Take the 2-minute tour ×
Unix & Linux Stack Exchange is a question and answer site for users of Linux, FreeBSD and other Un*x-like operating systems.. It's 100% free, no registration required.

I need to check for the current time and abort the script if it is not proper time of day I am supposed to run it. Also, if anyone else runs it, it should abort.

For example: I need my script to only run if it is started between 10 PM and and 2 AM (a 4 hour window).

Currently I am doing the following. Taking the time with date +%k%M and comparing with hard coded numbers

#!/bin/sh
currTime=`date +%k%M`
check_time_to_run()
{
    tempTime=$1
    if [ $tempTime -gt 200 -a $tempTime -lt 2200 ]; then 
        echo "Time is between 2 AM and 10 PM. Aborting."
        exit 1
    else
        echo "Time is after 10 PM and before 2 AM. Running normally."
    fi
}

check_time_to_run $currentTime

I would like to know if there is any other efficient method with respect to time comparision in sh or bash ?

share|improve this question
    
If you need to compare two dates try to convert them to MJD or UNIX time, for example: date +%s. –  Eddy_Em Feb 4 '13 at 10:21
    
@Eddy no it's not the date, It's the time I need to compare. –  mtk Feb 4 '13 at 10:24
    
I think, in seconds it would be better: currTime=$(date +%s); lower=$(date +%s --date="2:00"); upper=$(date +%s --date="22:00"); if [$currTime -gt $lower -a $currTime -lt $upper]; then –  Eddy_Em Feb 4 '13 at 10:36
    
why not put the script in the crontab? this way you ensure that it runs at that specific time –  BitsOfNix Feb 4 '13 at 10:49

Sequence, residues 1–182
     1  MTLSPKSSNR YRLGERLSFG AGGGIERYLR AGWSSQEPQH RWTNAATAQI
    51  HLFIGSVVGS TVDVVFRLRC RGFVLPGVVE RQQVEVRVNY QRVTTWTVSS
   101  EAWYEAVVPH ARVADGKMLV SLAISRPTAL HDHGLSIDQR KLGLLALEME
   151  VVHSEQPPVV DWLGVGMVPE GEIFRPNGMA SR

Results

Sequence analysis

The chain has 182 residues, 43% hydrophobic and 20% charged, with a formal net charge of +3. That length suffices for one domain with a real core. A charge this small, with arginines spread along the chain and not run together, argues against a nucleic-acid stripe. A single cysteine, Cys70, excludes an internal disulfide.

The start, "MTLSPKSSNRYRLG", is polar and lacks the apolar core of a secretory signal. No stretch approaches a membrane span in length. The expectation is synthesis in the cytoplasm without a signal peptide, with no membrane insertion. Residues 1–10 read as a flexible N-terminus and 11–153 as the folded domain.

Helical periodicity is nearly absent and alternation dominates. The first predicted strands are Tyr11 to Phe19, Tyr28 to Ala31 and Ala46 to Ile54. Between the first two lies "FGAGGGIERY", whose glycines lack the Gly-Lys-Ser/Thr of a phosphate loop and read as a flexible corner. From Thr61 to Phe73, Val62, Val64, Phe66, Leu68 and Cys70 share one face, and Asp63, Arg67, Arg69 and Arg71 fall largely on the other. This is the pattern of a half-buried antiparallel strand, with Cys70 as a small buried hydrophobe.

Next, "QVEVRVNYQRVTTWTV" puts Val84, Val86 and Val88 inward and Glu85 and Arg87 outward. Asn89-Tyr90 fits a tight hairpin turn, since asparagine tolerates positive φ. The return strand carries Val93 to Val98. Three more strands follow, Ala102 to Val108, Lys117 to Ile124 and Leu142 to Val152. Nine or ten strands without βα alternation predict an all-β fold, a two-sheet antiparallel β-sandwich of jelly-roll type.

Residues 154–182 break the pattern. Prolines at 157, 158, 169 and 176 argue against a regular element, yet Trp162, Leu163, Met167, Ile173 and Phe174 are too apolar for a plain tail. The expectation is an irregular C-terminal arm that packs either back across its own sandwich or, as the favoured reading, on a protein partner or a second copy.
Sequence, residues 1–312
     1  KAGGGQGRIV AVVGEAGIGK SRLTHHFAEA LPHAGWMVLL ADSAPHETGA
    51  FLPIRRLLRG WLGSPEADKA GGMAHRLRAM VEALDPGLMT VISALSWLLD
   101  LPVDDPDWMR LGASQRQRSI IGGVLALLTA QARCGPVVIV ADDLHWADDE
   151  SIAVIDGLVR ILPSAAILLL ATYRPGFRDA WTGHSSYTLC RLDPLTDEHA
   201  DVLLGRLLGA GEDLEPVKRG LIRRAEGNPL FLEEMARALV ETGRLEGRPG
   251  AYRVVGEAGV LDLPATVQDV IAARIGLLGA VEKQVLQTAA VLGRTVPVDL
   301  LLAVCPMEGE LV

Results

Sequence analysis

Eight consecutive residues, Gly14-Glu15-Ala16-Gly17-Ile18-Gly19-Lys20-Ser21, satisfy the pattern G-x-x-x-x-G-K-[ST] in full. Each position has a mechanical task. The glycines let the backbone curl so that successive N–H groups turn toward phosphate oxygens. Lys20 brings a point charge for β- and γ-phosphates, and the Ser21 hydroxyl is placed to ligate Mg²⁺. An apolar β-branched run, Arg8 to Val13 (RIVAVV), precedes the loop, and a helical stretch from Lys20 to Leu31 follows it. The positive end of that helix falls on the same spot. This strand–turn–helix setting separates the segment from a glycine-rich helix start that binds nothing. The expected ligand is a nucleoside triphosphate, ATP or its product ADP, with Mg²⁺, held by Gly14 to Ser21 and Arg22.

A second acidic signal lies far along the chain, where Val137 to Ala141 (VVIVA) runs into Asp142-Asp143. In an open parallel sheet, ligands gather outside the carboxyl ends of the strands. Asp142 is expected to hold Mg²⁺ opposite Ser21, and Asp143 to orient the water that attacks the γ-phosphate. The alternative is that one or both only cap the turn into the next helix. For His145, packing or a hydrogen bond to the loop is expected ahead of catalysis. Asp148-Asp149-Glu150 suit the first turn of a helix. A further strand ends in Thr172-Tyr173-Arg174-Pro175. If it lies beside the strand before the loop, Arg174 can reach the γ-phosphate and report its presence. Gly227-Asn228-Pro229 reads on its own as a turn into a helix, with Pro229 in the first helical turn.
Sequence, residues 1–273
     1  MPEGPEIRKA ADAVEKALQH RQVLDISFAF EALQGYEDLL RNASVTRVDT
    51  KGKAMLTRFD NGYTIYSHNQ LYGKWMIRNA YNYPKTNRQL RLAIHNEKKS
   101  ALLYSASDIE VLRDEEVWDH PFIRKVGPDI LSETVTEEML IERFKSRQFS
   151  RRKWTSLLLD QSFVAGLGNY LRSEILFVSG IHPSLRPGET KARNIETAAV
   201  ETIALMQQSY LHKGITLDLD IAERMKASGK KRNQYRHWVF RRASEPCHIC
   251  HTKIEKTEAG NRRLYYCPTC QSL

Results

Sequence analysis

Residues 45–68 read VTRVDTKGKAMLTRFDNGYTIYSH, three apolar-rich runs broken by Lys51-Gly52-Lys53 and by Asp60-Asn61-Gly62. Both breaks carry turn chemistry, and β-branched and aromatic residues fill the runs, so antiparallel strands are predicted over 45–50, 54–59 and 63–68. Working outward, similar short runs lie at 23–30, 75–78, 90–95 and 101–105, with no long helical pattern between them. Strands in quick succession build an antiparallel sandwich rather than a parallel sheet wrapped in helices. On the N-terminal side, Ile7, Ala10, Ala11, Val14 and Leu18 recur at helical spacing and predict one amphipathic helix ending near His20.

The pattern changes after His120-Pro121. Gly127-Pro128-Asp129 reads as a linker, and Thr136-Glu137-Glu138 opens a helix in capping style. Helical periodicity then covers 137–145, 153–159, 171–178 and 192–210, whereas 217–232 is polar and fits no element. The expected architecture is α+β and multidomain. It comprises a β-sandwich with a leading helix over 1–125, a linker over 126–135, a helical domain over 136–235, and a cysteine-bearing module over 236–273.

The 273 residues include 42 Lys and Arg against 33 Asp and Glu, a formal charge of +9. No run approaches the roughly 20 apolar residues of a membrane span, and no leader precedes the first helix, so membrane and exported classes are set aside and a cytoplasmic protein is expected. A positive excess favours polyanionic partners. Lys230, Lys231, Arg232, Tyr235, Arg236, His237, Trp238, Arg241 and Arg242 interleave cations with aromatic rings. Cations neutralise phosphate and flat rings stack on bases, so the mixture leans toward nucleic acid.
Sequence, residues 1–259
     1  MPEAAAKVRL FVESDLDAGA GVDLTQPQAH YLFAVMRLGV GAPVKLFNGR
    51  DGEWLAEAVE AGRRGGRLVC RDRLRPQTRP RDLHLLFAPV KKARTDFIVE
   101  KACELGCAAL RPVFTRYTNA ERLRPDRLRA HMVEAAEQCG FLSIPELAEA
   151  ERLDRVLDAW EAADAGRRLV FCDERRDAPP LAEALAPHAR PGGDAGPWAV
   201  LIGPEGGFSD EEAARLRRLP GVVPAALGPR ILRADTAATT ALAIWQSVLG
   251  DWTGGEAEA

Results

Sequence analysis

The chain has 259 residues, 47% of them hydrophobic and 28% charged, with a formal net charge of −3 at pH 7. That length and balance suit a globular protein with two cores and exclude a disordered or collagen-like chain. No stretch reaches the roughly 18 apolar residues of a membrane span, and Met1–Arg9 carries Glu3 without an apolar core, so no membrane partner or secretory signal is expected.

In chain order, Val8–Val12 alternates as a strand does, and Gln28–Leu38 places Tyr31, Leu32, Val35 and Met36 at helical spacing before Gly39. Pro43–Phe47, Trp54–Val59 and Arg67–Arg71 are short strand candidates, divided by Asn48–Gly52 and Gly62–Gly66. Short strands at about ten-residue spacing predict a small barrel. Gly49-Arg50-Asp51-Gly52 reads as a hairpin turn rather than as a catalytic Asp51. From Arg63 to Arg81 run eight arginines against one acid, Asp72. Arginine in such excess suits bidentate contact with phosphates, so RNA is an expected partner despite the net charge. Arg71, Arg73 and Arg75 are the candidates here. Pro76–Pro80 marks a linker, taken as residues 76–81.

1  
As any user can change the time for a process with faketime, your script is not very safe. Using lockfiles is probably a better option. –  jofel Feb 4 '13 at 11:16
show 3 more comments

2 Answers

up vote 5 down vote accepted

That looks perfect to me. What makes you think it should be improved?

Anyway, ways to improve it could be:

  • Use a smaller, quicker shell than bash like dash or pdksh.
  • use a shell that has date capabilities builtin like zsh or ksh93
  • use gawk (which is smaller than bash, but not than dash but could avoid the extra fork):

Example:

#! /usr/bin/gawk -f
BEGIN {now = strftime("%k%M")+0; exit(now > 200 && now < 2200)}
share|improve this answer
    
ok cool. Just wanted to confirm that what I am doing is not crude or evil. Thanks for the suggestions. –  mtk Feb 4 '13 at 12:04
add comment

If external tools are allowed you might want to check dateutils.

Your ``script'' becomes:

if dtest time --gt '02:00:00' && dtest time --lt '22:00:00'; then
    echo "Time is between 2 AM and 10 PM. Aborting."
fi

Disclaimer: I am the author of said tool.

share|improve this answer
add comment

Your Answer

 
discard

By posting your answer, you agree to the privacy policy and terms of service.

Not the answer you're looking for? Browse other questions tagged or ask your own question.